the National Front against immigration as well as Europeanism. At
11.7 percent, the French unemployment figure continues to be an obstacle
for integration in the French polity. Political
leaders in France, such as Mitterand and current President Chirac, have
their hands symbolically tied by European integration policies: "The government's
commitment to European integration and monetary union sets limits on the
amount the state can spend on creating new jobs, or on new social benefits,
without risking inflation and a weakening of the Franc, which is tied to
the German mark." Similarly, French farmers
fear that France will lose its one major economic benefit from the common
market: agricultural price supports. As the United States increases
pressure for trade liberalization, it becomes ever more likely that France
will be out-maneuvered and overruled in the EU Council, thus losing the
popular farm price supports. While established
leaders are severely constrained on these two important issues, Le Pen
remains free to raise the nationalist flag by endorsing politically unfeasible
policies combating unemployment and supporting French farmers. Consequently,
as a result of unemployment trends as well as increased pressure for trade
liberalization, support for the National Front has increased in recent
years. As David Zane Mairowitz contends:
While national electoral support for the National Front has reached a maximum of approximately 15 percent, its impact has been more far-reaching. According to Mark Kesselman, "The FN's propaganda has borne fruit. For example, a poll after the 1995 presidential election indicated that one-third of all voters and fully 43 percent of pro-Chirac voters hoped 'that the ideas proposed by the National Front will be seriously considered by the newly elected president.'" Both the UDF and the RPR were forced to reevaluate their positions on the European Union due to the successful publicity campaign of the National Front. Eventually, the UDF conceded that the original goal of a "federal European Community" seemed unrealistic while Chirac and the RPR increasingly look inward, rather than to Europe, for solutions to French problems. This change in fundamental political beliefs illustrates the extreme influence the National Front currently has on the French polity.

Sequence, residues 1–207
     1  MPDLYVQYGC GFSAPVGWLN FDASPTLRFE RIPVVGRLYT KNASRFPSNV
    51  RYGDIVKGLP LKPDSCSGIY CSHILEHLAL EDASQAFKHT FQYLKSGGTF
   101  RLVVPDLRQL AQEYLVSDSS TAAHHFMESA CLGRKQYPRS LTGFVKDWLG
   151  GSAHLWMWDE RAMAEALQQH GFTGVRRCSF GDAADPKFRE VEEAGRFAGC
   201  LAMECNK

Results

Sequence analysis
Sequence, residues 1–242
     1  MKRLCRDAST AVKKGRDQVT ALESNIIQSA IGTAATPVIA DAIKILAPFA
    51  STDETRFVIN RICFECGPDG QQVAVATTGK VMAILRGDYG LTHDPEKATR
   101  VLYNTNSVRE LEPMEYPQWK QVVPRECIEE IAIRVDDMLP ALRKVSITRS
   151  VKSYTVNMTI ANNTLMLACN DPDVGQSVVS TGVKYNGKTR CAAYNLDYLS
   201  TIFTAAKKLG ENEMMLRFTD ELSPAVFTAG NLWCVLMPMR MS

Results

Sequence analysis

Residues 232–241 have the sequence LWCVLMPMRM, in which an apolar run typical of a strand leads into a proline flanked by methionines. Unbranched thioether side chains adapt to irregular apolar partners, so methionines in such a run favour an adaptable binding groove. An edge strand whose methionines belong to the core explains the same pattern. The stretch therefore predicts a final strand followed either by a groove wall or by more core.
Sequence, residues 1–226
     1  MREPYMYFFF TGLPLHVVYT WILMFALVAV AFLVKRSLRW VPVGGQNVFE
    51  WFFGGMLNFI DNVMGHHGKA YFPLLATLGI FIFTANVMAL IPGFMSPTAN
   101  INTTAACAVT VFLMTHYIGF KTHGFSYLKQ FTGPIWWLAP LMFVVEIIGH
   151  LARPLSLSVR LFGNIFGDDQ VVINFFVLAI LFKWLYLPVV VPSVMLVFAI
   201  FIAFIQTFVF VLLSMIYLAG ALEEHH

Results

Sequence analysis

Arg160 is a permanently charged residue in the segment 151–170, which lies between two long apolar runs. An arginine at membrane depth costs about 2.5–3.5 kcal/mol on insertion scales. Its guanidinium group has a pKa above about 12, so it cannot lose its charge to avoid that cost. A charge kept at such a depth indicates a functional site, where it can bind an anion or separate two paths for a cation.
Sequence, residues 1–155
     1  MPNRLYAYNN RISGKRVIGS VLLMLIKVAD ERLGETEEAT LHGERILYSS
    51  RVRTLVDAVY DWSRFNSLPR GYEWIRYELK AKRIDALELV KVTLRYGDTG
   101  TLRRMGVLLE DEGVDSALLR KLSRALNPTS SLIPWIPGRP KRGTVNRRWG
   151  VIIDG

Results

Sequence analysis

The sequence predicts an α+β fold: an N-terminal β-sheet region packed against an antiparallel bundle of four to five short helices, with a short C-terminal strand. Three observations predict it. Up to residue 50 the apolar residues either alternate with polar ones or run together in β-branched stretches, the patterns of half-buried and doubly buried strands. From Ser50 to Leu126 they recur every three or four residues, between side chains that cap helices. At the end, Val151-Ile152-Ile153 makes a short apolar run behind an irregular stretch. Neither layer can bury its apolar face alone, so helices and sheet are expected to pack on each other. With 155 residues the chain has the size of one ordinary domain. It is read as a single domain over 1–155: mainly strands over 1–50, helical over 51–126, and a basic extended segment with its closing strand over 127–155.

Despite the National
Front's best efforts, however, support for European integration is not
completely diminished in France. After all, the Maastricht treaty